I went to see Der Rosenkavalier at Wellfleet Harbor Actors Theatre last week. The Met has been showing Saturday operas in cinemas across the country – and beyond – for several years. Friends have told me about it and I finally made it. Renee Fleming was retiring her role as Die Marschallin, apparently a signature role, and I figured why not now.
If you like opera, you must go. You are actually watching it live and the view is probably better than any seat at the Met. Much of what you see is the whole stage, but there are often close ups. Opera is not known for acting as it is for singing, but the cast for this show is top notch, as they always are at the Met, and the acting was very good.
In a nutshell, an older woman of status is having an affair with a young man. Her husband is always away, and he never appears on the set. After a night of romping, the Marschallin (Renee’s role, the wife of the Field Marshall), she realizes that this affair can not last, that her young lover will one day leave her for one his own age. And that sets the rest of the show into action.
The young lover is sung by a mezzo soprano – a female (these are known as ‘trouser’ roles) and as often happens in opera, this character must disguise him(her)self as a female, a maid, in order to seem to have a reason to be in the Marschallin’s bedroom. Considerable comedy in this show.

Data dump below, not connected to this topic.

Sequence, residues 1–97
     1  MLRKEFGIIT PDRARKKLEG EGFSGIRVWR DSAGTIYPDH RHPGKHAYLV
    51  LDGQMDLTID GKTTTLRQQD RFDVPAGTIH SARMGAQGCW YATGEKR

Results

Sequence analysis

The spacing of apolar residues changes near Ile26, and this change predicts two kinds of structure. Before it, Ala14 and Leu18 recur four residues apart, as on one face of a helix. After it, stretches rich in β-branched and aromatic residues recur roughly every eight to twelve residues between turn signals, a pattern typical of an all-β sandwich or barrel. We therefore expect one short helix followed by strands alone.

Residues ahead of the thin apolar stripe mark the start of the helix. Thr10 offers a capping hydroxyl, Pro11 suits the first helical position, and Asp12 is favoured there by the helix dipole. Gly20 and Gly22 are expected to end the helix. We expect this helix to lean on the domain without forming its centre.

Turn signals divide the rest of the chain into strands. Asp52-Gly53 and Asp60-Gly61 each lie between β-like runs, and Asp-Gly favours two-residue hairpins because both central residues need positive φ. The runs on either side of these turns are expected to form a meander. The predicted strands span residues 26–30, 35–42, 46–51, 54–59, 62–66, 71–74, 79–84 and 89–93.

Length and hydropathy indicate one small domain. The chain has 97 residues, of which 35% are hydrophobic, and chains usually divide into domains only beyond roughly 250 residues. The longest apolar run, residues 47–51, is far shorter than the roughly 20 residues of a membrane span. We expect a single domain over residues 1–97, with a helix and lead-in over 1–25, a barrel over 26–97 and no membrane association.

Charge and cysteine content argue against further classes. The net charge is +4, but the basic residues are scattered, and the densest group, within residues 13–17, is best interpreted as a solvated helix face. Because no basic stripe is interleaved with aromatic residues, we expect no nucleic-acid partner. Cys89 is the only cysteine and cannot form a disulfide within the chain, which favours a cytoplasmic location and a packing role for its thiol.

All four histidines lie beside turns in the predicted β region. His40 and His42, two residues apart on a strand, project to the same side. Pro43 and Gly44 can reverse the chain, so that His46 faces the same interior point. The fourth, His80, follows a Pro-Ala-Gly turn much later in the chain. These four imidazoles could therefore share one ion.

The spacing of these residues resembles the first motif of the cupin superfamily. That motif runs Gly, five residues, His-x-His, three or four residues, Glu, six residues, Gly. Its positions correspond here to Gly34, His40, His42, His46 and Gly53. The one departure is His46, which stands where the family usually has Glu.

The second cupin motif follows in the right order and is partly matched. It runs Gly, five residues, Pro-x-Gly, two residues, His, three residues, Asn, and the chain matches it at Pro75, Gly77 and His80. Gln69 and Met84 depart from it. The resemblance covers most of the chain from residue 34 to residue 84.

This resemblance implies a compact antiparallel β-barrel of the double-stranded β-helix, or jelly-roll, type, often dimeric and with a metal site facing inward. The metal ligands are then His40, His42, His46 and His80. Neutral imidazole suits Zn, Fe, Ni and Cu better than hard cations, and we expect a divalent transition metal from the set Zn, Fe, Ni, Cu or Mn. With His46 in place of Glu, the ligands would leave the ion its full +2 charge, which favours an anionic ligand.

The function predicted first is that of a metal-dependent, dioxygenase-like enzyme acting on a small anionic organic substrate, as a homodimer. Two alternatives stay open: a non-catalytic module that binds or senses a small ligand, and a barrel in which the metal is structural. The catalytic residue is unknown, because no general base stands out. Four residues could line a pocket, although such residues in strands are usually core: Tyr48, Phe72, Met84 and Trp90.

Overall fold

Anyway, it’s odd watching a live performance on the screen. Even intermissions are live and one can see sets being moved and re-built. For instance, Acts I & III were in rooms with wood floors, but Act II was a palace with “tile” floors, which was set down during the break. You see actors leave the stage and some brief interviews.
Should I clap? Well I did as did many in the audience. Did it bring a tear to my eye? Yes, of course, the singing was so beautiful. Where should you sit? Towards the back and in the middle, not up front like I did, having bought my ticket the day prior. The box office sold wine, coffee, sandwiches and snacks, but I saw several people bring out sack lunch and small bottles of wine.
This may be as close as I get to opera at the Met, so I’ll be back.